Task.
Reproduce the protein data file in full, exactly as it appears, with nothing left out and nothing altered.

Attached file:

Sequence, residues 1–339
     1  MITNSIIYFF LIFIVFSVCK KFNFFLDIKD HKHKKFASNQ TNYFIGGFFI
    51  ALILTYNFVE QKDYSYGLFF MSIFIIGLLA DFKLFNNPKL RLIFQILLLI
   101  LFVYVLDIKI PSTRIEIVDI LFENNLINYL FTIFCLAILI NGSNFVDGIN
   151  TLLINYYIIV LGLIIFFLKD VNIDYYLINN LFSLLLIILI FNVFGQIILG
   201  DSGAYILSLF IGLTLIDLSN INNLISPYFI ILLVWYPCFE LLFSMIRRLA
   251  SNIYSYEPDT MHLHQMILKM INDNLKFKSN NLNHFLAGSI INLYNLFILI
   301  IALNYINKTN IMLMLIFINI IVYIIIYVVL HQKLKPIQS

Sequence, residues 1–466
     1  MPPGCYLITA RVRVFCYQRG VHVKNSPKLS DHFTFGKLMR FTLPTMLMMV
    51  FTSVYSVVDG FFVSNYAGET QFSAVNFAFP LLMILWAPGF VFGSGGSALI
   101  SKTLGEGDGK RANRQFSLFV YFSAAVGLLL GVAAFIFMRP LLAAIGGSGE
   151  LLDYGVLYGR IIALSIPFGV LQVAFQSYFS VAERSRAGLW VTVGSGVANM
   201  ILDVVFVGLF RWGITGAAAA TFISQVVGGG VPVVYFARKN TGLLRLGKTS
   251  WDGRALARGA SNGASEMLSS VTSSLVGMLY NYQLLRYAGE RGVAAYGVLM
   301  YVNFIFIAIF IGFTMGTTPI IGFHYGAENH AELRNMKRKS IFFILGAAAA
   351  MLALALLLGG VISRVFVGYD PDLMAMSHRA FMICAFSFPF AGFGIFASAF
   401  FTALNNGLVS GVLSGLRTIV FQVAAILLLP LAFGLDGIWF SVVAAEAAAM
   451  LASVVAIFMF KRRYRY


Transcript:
Sequence, residues 1–339
     1  MITNSIIYFF LIFIVFSVCK KFNFFLDIKD HKHKKFASNQ TNYFIGGFFI
    51  ALILTYNFVE QKDYSYGLFF MSIFIIGLLA DFKLFNNPKL RLIFQILLLI
   101  LFVYVLDIKI PSTRIEIVDI LFENNLINYL FTIFCLAILI NGSNFVDGIN
   151  TLLINYYIIV LGLIIFFLKD VNIDYYLINN LFSLLLIILI FNVFGQIILG
   201  DSGAYILSLF IGLTLIDLSN INNLISPYFI ILLVWYPCFE LLFSMIRRLA
   251  SNIYSYEPDT MHLHQMILKM INDNLKFKSN NLNHFLAGSI INLYNLFILI
   301  IALNYINKTN IMLMLIFINI IVYIIIYVVL HQKLKPIQS

Sequence, residues 1–466
     1  MPPGCYLITA RVRVFCYQRG VHVKNSPKLS DHFTFGKLMR FTLPTMLMMV
    51  FTSVYSVVDG FFVSNYAGET QFSAVNFAFP LLMILWAPGF VFGSGGSALI
   101  SKTLGEGDGK RANRQFSLFV YFSAAVGLLL GVAAFIFMRP LLAAIGGSGE
   151  LLDYGVLYGR IIALSIPFGV LQVAFQSYFS VAERSRAGLW VTVGSGVANM
   201  ILDVVFVGLF RWGITGAAAA TFISQVVGGG VPVVYFARKN TGLLRLGKTS
   251  WDGRALARGA SNGASEMLSS VTSSLVGMLY NYQLLRYAGE RGVAAYGVLM
   301  YVNFIFIAIF IGFTMGTTPI IGFHYGAENH AELRNMKRKS IFFILGAAAA
   351  MLALALLLGG VISRVFVGYD PDLMAMSHRA FMICAFSFPF AGFGIFASAF
   401  FTALNNGLVS GVLSGLRTIV FQVAAILLLP LAFGLDGIWF SVVAAEAAAM
   451  LASVVAIFMF KRRYRY